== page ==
So, with the 40 or so people present, I opened with a pretty open-ended question: “What is the scope of what God is sending you and St. Alban’s to be and do?”  I explained that “scope” refers to what one has in view, the range of what one is looking at.  Obviously, I smuggled mission in through the reference to “sending,” but that was an implicit and subliminal mission reference rather than an explicit mention.

The responses were remarkable in working toward what I was driving at:

• “Arthur,” (assigned names), a physican or a researcher of some kind, picked up on “scope” and noted that a microscope has several lenses: a scanning lens for seeing the entire field of the slide, or most of it; then lenses of greater magnification; and finally an “oil immersion” lens, for seeing in greatest detail.  This he likened to the wide scope of Christian mission and to the very particular and narrow efforts that make up that wide scope.

• “Karen” said she wanted to be a pilgrim.  She wanted to “go out” and be a pilgrim.  As a pilgrim she would deepen her spiritual life as she would see how other people and other cultures experience God.  She noted that one of the stages of life in Indian spirituality is that of the pilgrim, and I confirmed that the sanyasi is indeed the fourth of the classical stages of life in Hindu thought, when the busy householder, businessman or person in public life retires to the forest to grow spiritually.  In current missiological thought, pilgrimage has become quite prominent, the notion being that the missionary discovers God and the gospel in the process of sharing it across cultural boundaries (see Horizons of Mission and Companions in Transformation for more on the pilgrimage theme).  Karen’s “going out” is intrinsically missional in its directionality.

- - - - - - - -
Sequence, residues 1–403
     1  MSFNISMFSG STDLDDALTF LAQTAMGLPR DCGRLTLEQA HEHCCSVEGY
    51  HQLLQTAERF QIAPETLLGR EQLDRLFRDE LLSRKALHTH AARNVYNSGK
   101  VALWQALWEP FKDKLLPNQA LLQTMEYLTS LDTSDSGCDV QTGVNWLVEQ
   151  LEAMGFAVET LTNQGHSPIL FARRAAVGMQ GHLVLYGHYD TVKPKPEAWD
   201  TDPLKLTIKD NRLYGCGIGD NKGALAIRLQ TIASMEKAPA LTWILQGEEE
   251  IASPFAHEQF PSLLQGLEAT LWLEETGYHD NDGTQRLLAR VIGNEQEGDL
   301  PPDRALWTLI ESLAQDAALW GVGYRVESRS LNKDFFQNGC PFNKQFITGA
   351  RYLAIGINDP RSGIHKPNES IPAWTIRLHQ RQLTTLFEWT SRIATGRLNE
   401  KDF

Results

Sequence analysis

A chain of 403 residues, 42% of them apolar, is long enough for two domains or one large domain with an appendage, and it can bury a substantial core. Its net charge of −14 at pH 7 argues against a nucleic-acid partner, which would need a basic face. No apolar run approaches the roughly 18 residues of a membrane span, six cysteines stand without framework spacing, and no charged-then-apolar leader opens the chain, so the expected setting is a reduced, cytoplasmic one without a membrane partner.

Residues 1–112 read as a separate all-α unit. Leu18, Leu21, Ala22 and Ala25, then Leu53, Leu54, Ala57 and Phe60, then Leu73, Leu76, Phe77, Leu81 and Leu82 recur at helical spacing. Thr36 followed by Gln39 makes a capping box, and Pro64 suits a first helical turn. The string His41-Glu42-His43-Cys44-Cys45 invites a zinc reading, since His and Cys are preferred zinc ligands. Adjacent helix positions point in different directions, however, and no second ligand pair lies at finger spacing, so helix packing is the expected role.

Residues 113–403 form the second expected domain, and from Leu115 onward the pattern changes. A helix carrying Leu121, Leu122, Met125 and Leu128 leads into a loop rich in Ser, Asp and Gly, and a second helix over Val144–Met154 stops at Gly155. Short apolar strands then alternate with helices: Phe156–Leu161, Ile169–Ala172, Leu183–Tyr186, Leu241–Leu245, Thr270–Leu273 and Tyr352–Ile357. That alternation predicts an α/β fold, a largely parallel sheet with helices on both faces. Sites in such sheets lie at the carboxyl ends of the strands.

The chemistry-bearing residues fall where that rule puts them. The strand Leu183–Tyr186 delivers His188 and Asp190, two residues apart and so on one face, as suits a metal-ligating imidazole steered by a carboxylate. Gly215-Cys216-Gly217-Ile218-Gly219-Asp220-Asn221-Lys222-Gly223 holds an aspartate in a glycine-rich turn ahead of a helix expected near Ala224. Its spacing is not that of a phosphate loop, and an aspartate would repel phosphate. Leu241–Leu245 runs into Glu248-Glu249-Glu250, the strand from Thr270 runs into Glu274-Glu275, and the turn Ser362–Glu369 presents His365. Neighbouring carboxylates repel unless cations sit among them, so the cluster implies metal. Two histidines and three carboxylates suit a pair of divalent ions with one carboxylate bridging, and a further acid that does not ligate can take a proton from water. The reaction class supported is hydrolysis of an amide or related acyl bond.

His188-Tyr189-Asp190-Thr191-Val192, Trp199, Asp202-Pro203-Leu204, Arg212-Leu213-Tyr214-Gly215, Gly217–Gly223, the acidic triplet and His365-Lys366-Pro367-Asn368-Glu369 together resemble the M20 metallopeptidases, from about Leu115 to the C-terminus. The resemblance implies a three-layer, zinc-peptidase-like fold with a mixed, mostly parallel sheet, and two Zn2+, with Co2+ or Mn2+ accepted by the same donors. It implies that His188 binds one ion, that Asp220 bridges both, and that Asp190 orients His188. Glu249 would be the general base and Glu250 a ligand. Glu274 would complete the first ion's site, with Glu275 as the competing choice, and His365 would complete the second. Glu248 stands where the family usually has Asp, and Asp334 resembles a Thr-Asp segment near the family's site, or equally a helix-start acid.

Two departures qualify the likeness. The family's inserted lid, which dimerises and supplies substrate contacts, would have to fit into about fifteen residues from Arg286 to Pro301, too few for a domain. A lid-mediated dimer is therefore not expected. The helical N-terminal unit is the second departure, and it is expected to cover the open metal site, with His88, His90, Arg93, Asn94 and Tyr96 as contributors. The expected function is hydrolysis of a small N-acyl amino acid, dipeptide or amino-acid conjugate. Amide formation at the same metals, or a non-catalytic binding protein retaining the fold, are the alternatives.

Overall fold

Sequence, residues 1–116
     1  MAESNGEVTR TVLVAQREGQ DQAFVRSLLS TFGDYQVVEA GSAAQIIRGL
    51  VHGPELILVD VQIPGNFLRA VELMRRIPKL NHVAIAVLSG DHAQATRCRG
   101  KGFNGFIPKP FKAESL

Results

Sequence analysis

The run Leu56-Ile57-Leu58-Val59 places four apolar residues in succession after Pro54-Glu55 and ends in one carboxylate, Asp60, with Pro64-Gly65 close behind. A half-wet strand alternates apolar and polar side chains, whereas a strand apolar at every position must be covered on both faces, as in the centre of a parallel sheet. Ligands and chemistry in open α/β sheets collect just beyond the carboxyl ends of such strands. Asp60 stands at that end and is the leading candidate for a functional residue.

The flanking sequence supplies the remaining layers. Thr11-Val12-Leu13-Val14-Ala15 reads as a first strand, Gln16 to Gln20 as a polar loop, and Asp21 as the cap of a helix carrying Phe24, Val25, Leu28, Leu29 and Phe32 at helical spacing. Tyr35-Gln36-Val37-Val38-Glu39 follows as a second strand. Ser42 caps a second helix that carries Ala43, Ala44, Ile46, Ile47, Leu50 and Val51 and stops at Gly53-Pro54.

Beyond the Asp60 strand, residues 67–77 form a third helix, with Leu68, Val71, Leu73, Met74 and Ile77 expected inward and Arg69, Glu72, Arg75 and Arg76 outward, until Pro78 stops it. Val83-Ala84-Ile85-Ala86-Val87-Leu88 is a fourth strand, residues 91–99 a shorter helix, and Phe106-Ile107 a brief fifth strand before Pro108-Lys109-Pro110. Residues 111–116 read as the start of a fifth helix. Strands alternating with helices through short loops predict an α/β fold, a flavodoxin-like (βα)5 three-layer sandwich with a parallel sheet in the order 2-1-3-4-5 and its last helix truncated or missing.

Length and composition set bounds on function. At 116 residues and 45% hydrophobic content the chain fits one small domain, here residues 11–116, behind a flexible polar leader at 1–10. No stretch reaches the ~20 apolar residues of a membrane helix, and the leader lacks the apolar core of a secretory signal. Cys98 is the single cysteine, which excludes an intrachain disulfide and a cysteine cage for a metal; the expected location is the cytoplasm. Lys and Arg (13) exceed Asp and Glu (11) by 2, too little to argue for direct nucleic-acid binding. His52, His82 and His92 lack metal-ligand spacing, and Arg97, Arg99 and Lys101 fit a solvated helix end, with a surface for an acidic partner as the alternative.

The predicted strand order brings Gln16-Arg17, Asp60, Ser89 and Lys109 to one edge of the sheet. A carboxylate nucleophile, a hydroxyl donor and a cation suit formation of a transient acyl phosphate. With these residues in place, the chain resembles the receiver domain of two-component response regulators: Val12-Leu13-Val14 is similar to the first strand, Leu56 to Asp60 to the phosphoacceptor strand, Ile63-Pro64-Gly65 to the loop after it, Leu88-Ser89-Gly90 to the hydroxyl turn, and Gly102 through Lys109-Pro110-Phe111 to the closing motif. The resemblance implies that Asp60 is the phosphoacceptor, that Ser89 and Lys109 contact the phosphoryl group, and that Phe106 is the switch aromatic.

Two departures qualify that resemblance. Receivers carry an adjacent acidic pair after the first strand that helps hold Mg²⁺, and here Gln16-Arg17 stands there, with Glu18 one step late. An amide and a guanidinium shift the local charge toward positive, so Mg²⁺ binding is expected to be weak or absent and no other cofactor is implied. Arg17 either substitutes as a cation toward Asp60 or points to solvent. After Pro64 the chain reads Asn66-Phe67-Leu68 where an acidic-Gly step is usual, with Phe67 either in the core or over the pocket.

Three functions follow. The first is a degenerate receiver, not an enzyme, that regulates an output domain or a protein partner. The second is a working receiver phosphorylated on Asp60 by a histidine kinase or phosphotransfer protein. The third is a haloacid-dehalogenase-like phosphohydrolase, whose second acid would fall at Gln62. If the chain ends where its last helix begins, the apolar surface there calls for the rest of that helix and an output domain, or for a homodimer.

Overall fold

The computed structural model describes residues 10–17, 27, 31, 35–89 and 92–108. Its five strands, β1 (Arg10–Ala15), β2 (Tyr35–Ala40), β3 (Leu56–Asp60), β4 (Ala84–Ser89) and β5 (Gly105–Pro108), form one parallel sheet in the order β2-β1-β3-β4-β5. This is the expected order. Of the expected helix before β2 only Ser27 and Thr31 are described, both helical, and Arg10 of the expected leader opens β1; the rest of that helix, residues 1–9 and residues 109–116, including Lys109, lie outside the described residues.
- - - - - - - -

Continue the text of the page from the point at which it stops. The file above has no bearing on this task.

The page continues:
• “Roy” said he thought God was calling him to “discover God’s creation.”  Here is the emerging environmental concern of Christian mission, explicit in the final item in the World Council of Churches’ thematic slogan, “Justice, Peace and the Integrity of Creation” (JPIC), and the final item in the Anglican Communion’s Five Marks of Mission: “To strive to safeguard the integrity of creation and sustain and renew the life of the earth.”